WASHINGTON (Reuters) - President Barack Obama said in an interview broadcast on Sunday he hopes to get new U.S. gun control measures passed during the first year of his second term and is skeptical of a proposal by the National Rifle Association to put armed guards in schools.
Obama assigned Vice President Joe Biden to lead a task force to come up with proposals on guns at the beginning of 2013 after the massacre of 20 children and six adults by a gunman at an elementary school in Newtown, Connecticut this month.
"I'd like to get it done in the first year. I will put forward a very specific proposal based on the recommendations that Joe Biden's task force is putting together as we speak. And so this is not something that I will be putting off," Obama told NBC's "Meet the Press" in an interview taped on Saturday.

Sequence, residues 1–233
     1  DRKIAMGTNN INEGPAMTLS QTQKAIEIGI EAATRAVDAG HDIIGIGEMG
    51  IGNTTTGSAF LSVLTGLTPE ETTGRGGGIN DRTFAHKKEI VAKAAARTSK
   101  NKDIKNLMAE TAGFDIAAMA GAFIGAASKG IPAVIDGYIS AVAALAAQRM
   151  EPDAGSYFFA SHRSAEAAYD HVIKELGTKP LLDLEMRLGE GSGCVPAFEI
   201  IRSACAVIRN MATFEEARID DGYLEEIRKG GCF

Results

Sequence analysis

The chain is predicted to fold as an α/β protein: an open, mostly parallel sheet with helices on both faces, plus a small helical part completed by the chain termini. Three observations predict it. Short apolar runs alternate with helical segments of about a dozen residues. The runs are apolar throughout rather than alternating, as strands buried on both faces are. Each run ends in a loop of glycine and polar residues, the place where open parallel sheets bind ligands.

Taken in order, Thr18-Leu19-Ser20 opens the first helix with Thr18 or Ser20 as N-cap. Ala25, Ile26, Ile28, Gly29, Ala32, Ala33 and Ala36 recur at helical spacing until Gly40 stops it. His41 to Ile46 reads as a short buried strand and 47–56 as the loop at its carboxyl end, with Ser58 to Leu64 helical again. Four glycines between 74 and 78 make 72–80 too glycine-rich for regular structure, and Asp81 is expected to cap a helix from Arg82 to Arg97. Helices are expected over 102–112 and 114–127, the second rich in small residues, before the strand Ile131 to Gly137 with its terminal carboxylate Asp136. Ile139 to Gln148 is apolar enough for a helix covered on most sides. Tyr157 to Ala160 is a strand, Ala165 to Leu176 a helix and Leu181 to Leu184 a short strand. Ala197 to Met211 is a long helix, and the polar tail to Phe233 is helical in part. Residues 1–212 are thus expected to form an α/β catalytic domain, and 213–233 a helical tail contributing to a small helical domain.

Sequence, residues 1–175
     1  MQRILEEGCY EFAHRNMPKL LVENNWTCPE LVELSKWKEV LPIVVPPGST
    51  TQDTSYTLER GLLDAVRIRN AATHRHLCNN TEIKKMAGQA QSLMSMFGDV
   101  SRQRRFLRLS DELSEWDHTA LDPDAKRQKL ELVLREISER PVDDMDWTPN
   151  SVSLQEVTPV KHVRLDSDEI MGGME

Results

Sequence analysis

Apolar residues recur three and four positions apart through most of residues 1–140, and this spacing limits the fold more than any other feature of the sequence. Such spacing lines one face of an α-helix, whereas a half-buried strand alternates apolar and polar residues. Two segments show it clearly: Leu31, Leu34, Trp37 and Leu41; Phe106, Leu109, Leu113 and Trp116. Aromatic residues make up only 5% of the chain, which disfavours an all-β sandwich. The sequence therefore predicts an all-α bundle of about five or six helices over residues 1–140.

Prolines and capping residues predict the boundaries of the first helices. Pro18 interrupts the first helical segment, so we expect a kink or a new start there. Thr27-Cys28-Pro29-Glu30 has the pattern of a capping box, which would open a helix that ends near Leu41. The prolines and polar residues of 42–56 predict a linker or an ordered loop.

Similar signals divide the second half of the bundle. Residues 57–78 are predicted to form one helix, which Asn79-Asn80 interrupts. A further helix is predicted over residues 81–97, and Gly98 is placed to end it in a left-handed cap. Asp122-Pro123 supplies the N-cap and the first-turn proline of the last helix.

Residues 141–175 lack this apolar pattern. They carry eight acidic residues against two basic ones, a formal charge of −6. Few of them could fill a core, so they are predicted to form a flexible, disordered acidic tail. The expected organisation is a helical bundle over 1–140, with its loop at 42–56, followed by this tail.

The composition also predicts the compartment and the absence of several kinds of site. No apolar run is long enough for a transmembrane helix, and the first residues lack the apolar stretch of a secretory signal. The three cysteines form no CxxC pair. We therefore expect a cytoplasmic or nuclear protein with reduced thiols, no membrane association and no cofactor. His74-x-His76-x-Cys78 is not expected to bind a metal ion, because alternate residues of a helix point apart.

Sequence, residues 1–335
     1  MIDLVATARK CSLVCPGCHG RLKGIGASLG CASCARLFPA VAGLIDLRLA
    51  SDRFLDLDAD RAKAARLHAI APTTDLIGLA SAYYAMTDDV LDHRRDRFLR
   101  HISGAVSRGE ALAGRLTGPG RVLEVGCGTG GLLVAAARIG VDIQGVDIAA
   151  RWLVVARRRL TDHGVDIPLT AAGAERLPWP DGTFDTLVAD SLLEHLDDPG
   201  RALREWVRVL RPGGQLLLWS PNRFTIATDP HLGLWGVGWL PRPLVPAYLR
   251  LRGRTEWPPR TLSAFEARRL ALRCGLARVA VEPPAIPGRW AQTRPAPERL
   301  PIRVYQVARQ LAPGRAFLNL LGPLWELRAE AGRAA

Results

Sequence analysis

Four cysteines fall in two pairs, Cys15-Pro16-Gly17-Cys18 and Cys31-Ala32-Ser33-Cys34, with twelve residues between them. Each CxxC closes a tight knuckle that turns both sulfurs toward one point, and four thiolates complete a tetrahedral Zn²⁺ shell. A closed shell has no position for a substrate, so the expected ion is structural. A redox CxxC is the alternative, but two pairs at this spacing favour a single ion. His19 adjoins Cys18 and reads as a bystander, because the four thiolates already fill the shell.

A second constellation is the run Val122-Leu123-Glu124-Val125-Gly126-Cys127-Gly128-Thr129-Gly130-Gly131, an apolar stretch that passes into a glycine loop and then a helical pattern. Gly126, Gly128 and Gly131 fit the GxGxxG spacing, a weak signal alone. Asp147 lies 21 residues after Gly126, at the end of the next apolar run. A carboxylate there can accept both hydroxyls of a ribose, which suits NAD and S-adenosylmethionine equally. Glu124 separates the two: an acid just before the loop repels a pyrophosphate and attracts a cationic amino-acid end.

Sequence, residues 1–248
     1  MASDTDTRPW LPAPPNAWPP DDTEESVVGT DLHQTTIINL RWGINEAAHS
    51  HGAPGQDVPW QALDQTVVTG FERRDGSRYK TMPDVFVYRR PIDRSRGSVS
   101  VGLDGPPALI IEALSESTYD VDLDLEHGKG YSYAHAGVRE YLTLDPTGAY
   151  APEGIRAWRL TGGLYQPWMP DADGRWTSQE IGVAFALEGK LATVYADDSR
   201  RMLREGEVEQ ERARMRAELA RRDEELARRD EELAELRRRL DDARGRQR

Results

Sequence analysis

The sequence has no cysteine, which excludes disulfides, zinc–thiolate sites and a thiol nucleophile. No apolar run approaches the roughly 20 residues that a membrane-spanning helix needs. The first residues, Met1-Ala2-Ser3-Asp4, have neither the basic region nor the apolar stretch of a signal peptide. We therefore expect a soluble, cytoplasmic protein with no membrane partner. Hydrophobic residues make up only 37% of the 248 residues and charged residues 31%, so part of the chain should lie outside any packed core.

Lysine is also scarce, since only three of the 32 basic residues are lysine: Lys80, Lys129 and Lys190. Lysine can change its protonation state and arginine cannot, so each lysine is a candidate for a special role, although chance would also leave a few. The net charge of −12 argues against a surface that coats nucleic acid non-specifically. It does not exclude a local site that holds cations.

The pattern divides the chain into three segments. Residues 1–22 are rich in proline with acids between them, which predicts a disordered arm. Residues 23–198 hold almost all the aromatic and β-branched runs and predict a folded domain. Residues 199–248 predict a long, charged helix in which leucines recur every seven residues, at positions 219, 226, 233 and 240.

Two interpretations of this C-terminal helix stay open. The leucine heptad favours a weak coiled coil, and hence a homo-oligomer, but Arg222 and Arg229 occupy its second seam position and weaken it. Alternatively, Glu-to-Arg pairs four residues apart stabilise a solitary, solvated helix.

"I am not going to prejudge the recommendations that are given to me. I am skeptical that the only answer is putting more guns in schools. And I think the vast majority of the American people are skeptical that that somehow is going to solve our problem," he said.
The NRA, the influential pro-gun lobbying group, has said new gun laws are not a good answer and has called for some form of armed guards to be present in all U.S. schools.
(Reporting by Jeff Mason; Editing by Will Dunham)
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